This is today’s edition of The Download our weekday newsletter that provides a daily dose of what’s going on in the world of technology.
Quantum computing has a hype problem
As a buzzword, quantum computing probably ranks only below AI in terms of hype. Large tech companies now have substantial research and development efforts in quantum computing. A host of startups have sprung up as well, some boasting staggering valuations.
A real quantum computer will have applications unimaginable today, just as when the first transistor was made in 1947, nobody could foresee how it would ultimately lead to smartphones and laptops. But even quantum computing experts are starting to become disturbed by some of the grand claims, particularly when it comes to claims about how—and how quickly—it will be commercialized.
The systems we have today are a tremendous scientific achievement, but they take us no closer to a quantum computer that can solve a problem that anybody cares about. We don’t know how long that will take, but it is much further away than the burgeoning industry and its marketeers would have you believe. Read the full story.
Sankar Das Sarma is the director of the Condensed Matter Theory Center at the University of Maryland, College Park.
I’ve combed the internet to find you today’s most fun/important/scary/fascinating stories about technology.
1 Nokia’s tech aided digital surveillance in Russia
The Finnish company’s equipment and software was used to track opposition supporters. (NYT $)
+ How Putin became the tyrant he is today. (NYT $)
Why Europe is still playing catch up with Russia’s spying efforts. (FT $)
2 China’s covid strategy is crumbling
Xi Jinping’s party faces little choice but to abandon its hopes of a zero-covid policy. (Economist $)
Shanghai has locked down as cases rise across China. (Guardian)
Elsewhere in Asia, covid restrictions are being dropped – despite the spread of omicron. (NYT $)
3 Around a third of NFT collections have basically expired
Insiders insist the bubble isn’t bursting, but interest certainly seems to be cooling. (Bloomberg $)
Museums are jumping on the NFT bandwagon—but do buyers want masterpieces? (NYT $)
Turns out buying property in the metaverse is just as expensive as IRL.(IEEE Spectrum)
A plain text internet is beckoning. (Protocol)
4 Keanu Reeves has been wiped from the Chinese internet
The Canadian actor (and beloved web figure) participated in a pro-Tibet concert, to the chagrin of Chinese authorities. (LA Times)
5 Black Tesla workers allege rife racial abuse in the company’s factories
They report having to work under utterly grim conditions. (LA Times)
+ Screaming, threats to sue and angry emails are just the tip of the iceberg for auto regulators dealing with Elon Musk. (WP $)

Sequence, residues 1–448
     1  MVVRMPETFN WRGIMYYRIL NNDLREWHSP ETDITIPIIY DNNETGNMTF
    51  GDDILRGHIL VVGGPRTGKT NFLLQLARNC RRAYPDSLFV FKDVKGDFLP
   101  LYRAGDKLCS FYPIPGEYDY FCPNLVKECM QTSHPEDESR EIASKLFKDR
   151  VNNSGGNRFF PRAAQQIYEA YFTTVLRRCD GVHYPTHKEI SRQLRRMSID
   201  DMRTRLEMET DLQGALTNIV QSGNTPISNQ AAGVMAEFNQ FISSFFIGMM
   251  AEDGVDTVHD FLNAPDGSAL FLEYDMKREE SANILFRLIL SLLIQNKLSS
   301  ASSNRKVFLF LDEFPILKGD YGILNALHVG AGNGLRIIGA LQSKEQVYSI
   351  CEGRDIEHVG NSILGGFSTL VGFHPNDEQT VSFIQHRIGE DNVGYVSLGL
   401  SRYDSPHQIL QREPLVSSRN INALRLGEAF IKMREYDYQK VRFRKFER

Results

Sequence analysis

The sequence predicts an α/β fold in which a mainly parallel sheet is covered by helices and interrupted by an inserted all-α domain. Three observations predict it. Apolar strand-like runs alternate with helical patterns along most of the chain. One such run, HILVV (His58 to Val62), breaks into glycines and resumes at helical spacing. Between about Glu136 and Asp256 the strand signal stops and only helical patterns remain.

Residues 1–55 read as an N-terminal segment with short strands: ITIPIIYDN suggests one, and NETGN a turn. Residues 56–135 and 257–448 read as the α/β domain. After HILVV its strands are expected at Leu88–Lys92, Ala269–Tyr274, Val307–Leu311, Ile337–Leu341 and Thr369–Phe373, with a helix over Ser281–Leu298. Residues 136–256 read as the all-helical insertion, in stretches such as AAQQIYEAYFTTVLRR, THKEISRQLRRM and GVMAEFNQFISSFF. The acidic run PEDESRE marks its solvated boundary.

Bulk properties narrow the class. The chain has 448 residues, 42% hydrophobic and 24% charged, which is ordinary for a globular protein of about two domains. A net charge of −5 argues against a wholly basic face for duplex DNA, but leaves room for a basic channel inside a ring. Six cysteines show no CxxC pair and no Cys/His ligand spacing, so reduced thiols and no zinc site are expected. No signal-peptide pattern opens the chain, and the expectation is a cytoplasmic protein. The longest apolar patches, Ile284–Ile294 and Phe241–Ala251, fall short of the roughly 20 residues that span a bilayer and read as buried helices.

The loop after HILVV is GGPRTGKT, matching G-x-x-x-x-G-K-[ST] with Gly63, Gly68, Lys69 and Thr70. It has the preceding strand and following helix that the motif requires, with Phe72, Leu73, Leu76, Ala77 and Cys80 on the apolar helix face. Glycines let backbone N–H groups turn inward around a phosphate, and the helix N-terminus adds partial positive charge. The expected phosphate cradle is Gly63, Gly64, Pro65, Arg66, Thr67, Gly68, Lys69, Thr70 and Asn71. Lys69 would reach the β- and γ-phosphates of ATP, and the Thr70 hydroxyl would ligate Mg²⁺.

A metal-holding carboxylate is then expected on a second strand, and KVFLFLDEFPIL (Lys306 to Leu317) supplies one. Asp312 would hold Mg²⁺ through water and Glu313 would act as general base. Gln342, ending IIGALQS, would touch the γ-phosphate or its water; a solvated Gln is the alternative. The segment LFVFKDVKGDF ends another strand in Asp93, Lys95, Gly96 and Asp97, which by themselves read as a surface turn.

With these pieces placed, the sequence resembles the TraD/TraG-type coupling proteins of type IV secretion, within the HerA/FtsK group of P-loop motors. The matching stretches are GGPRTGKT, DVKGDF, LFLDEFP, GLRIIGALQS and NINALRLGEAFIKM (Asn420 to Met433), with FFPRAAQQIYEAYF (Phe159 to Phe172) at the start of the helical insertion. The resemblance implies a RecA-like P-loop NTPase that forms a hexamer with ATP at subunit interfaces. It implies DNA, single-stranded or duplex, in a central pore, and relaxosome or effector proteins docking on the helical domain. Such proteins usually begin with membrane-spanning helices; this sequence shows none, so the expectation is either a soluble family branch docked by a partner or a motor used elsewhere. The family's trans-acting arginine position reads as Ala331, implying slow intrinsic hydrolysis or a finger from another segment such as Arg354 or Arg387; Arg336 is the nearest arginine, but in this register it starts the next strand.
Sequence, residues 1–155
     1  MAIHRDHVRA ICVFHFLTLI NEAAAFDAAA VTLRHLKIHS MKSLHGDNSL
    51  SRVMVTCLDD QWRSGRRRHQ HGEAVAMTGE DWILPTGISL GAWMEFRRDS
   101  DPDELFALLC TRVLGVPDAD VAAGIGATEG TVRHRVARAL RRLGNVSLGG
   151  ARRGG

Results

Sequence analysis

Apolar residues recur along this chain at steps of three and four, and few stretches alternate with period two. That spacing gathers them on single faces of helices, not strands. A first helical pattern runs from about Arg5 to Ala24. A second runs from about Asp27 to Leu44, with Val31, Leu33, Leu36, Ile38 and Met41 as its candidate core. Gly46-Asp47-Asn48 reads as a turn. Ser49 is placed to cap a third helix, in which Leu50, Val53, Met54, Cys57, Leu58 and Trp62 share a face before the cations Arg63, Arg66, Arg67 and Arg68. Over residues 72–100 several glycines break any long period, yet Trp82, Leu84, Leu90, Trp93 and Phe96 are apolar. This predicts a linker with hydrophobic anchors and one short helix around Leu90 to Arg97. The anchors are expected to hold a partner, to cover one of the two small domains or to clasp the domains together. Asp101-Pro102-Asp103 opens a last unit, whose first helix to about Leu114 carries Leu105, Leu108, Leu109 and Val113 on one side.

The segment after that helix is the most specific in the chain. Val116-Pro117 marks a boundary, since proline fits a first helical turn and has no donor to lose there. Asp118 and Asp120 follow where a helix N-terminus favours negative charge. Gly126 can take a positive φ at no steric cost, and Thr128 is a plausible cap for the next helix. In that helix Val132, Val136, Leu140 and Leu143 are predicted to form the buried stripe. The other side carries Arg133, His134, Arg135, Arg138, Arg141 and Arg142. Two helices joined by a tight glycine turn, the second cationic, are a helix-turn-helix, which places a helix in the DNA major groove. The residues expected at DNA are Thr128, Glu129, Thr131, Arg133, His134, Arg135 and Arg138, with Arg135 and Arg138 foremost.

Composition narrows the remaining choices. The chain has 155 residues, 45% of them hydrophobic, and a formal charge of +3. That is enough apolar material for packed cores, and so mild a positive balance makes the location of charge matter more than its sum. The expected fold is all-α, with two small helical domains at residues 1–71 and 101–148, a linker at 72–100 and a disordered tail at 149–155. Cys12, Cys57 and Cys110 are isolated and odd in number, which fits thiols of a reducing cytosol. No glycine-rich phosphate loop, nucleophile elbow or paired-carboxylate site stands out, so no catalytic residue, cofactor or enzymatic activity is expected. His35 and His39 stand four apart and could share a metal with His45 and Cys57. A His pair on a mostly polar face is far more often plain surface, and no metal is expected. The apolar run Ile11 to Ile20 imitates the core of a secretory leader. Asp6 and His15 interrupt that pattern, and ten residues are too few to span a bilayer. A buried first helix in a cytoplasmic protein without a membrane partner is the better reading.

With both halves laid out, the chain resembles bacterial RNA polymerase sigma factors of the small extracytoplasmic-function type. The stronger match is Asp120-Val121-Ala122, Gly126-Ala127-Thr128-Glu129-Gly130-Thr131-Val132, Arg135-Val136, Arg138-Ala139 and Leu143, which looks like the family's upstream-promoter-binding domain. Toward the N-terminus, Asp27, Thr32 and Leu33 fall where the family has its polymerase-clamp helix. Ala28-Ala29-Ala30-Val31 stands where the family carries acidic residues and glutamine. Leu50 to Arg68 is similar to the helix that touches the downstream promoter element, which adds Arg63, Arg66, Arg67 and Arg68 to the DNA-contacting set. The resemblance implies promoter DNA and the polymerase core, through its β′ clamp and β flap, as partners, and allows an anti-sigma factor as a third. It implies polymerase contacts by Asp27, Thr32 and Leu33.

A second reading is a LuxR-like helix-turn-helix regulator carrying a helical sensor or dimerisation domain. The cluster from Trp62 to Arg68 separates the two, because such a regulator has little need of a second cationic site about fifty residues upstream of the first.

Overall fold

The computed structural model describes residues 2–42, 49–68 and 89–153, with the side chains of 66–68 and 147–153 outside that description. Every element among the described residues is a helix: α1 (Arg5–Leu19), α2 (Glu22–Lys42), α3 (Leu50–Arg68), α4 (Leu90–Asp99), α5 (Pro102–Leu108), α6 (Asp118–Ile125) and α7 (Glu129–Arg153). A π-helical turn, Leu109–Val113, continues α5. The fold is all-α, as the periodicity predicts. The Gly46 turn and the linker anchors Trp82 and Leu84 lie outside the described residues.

Musk thinks he can be “helpful in conflicts.’ (Insider)
Tesla bros are making it harder to report problems with Full Self-Driving software. (Observer)
A primer in parallel parking. (The Conversation)
6 News about a study on fake news turns out to be…fake
Does anyone else’s head hurt? (The Atlantic $)
Scientists are using Twitter to monitor whether their work is misunderstood.(Science)
Conservative influencers are worried that right wing platforms are echo chambers. (NBC)
7 Maybe we don’t want jetpacks after all
It’d actually be total chaos to have tons of them flying about all over the place. (Slate $)
8 Are mental health tech startups making it too easy to get ADHD drugs?
The lines between ‘patient’ and ‘customer’ look concerningly blurry here. (WSJ $)
9 Billions of genetically modified mosquitoes will be released in California
It’s a vast experiment to control the potential spread of dangerous diseases. (Guardian)
10 Is this the end of the teenage houseparty?
Smart home tech is getting in the way of Gen Z letting their hair down. (The Information $)
Quote of the day
“What’s the point of doing politics in Russia if you’re not willing to protest against war at such a historic moment?”
—Ilya Yashin, political activist, tells the Observer that he has no plans to flee Russia despite tens of thousands of people leaving the country amid fears of border closure.
We can still have nice things
A place for comfort, fun and distraction in these weird times. (Got any ideas? Drop me a line or tweet ’em at me.)
+ Not only was Taylor Hawkins an excellent drummer, he loved singing Queen songs. Here’s to a real one.
+ Lord of the Rings fans will be delighted that a new illustrated version of The
By: Rhiannon Williams
Title: The Download: Quantum computing has a hype problem
Sourced From: www.technologyreview.com/2022/03/28/1048377/the-download-quantum-computing-has-a-hype-problem/
Published Date: Mon, 28 Mar 2022 13:40:40 +0000
LATAM crypto exchange Bitso and FMF launch NFT of Mexico’s National Team jerseys
Bitso, a leading cryptocurrency platform operating in Latin America, and the Mexican Football Federation (FMF), today announced the joint launch of the first collectible NFT of the Mexico National Team’s jerseys that was acquired in cryptocurrencies.
This morning through their social media platforms, the FMF and Bitso announced the opportunity to acquire the new official National Team fan jerseys ahead of the team’s participation in the 2022 World Cup. In just 20 minutes, the entire collection sold out.
The NFTs of the jerseys have an exclusive design for the metaverse – each is unique on the blockchain and can be resold by its owner in subsequent transactions.
The collection consisted of 100 official physical jerseys, each with a corresponding NFT version of the jersey that fans’ avatars can wear within the Decentraland metaverse. Each physical and NFT jersey set sold for the equivalent of $1,800 MXN in ethers.
“Our mission is to make cryptocurrency useful in the everyday life of Mexicans; we are committed to spreading the technology through innovative opportunities that help people throughout the country familiarize themselves with this new world. We are very excited to offer the incredible, historic opportunity for the fans of our National Team so that through their Bitso account, they can wear the colors of the National Team on and ‘off’ the field in the metaverse.”
– Bárbara González Briseño, General Director of Bitso México
Created by Bitso, the virtual jersey sports the official colors of Mexico and the new National Team shield, characteristics that will make it stand out when users wear it in the virtual world of Decentraland.
The post LATAM crypto exchange Bitso and FMF launch NFT of Mexico’s National Team jerseys appeared first on CryptoNinjas.
Title: LATAM crypto exchange Bitso and FMF launch NFT of Mexico’s National Team jerseys